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SCAP has been developed to help provide a comprehensive, standardized approach to overcoming these challenges of standardizing system security measurement and responses. This overview will help your team get started.
Managing the security of systems throughout an enterprise is challenging for several reasons. Most organizations have many systems to patch and configure securely, with numerous pieces of software (operating systems and applications) to be secured on each system. This is extremely time-consuming and error-prone because there has been no standardized, automated way of securing software. Organizations also need to periodically verify the security of each system, which is also much more difficult to do without standardized, automated checking tools. Further complicating system security management is the need to respond appropriately to new vulnerabilities and threats, prioritizing them so the most significant ones can be addressed sooner.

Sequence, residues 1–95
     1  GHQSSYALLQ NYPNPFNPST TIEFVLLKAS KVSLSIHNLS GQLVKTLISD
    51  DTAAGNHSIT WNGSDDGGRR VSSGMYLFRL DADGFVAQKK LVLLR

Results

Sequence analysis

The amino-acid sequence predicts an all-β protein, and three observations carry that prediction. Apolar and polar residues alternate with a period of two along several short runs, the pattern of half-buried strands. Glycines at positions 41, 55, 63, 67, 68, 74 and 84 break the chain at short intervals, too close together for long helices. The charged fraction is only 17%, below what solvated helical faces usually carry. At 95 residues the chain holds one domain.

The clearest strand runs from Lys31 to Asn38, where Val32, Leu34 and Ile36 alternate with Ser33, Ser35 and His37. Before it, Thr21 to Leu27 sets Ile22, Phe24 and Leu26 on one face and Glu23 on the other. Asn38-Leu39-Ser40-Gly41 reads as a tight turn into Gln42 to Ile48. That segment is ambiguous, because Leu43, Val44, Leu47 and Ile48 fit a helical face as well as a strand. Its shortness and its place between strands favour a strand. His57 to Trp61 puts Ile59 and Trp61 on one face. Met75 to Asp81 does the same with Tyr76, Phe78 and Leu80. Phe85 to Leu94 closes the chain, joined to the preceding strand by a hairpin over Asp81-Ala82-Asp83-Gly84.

Organizations need a comprehensive, standardized approach to overcoming these challenges, and the Security Content Automation Protocol (SCAP) has been developed to help provide such an approach. SCAP comprises a suite of specifications for organizing and expressing security-related information in standardized ways, as well as related reference data, such as identifiers for software flaws and security configuration issues. SCAP can be used for maintaining the security of enterprise systems, such as automatically verifying the installation of patches, checking system security configuration settings, and examining systems for signs of compromise.
This document defines SCAP and the component specifications that comprise it. It describes common uses of SCAP and makes recommendations for SCAP users. The document also provides insights to IT product and service vendors about adopting SCAP in their offerings. SCAP does not replace existing security software; rather, support for it can be embedded into existing software.
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